The prevailing approach to college admissions is missing an important first step. Students should begin this process by looking inward rather than outward for the answers.
More often than not, when students dig inside themselves, they find the answers they seek as to how to set a true course for their lives.
A New Approach to College Admissions
Years ago, I began to experiment with a new approach to college admissions. I conducted extensive field research and developed a unique human-centered process — a purpose-driven process focused on empowering students to design their own experiences.
In my experiments, I saw how profoundly transformational this different way could be, both for me as a college admissions professional, for other counselors, and, most importantly, for students and their families. By turning inward, the steps of the path become illuminated. You then are able to design your way forward.
Why Eat Smoked Trout if You Know You Want an Apple?
Think of it this way: When you are a child, you eat what is put in front of you. But as you grow older, you begin to develop tastes and preferences and ask for particular things. Fast forward to life today, if you were in charge of making a meal for yourself, how would you go about it? You might ask yourself questions like these:
What am I hungry for?
What am I craving?
What would be satisfying to me?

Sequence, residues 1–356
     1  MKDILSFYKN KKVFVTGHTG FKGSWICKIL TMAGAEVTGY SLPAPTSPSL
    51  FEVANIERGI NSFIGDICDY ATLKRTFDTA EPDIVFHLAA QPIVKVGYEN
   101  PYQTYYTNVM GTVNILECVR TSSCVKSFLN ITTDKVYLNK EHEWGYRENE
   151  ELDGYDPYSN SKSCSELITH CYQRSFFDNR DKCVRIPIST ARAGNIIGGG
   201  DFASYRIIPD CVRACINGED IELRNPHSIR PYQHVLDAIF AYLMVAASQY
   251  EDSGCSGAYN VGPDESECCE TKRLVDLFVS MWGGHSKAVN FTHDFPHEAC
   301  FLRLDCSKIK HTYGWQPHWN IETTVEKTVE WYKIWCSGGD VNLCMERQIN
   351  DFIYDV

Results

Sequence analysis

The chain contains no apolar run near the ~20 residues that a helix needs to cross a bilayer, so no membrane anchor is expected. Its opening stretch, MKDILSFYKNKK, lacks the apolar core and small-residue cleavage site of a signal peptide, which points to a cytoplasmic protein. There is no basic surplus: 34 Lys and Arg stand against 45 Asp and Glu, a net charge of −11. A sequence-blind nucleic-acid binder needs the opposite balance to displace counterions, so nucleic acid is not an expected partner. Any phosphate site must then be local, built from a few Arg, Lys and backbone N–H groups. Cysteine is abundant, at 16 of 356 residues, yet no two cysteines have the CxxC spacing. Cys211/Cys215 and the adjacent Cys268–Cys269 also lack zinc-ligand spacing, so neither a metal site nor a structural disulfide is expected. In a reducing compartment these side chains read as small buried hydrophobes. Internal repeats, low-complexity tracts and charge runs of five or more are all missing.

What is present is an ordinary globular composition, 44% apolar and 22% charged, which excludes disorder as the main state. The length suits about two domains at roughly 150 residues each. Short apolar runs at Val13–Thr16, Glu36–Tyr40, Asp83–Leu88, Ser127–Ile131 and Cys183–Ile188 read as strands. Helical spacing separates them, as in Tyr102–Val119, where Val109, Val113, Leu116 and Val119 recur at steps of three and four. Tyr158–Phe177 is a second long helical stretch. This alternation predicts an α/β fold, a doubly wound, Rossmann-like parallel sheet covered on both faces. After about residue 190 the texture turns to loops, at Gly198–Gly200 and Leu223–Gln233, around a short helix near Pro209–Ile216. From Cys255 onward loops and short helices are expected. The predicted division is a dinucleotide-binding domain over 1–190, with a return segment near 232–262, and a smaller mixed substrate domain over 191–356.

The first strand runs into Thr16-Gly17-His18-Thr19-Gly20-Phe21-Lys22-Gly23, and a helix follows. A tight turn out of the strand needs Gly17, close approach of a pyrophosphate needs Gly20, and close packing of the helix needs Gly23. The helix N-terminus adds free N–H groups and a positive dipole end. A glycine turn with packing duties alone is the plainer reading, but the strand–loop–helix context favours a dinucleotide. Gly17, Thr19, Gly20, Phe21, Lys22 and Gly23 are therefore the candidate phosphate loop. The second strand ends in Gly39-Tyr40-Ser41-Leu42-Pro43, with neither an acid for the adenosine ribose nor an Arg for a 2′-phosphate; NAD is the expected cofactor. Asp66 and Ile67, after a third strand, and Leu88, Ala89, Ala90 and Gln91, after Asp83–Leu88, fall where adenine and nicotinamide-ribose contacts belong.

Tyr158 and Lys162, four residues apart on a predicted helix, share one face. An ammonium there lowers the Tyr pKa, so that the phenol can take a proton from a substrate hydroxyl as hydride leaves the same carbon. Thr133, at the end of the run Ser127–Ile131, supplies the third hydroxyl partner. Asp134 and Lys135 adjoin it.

What do I need to feel sustained?
It would be crazy to eat smoked trout if you want an apple (though it happens). To not step back and ask these same kind of questions when it comes to a decision like where you go to college is nuts! (Pun intended, of course.)
The college admissions process should be much more fulfilling than the checklist activity that it often is. We need a new approach!
Some Unconventional Answers
If you are a student, parent, coach, or mentor looking for an escape from the current madness of college admissions, you should check out Admissions by Design. You'll find a lot of great tips and research on unconventional, yet tested methods for finding the right college.
These methods do not fit into what traditionally may be deemed the “right” way to approach the process. But as I have implemented them, I have seen life breathed back into students and parents in the face of what otherwise is a difficult and confusing process and one that hardly acknowledges the humans at its center.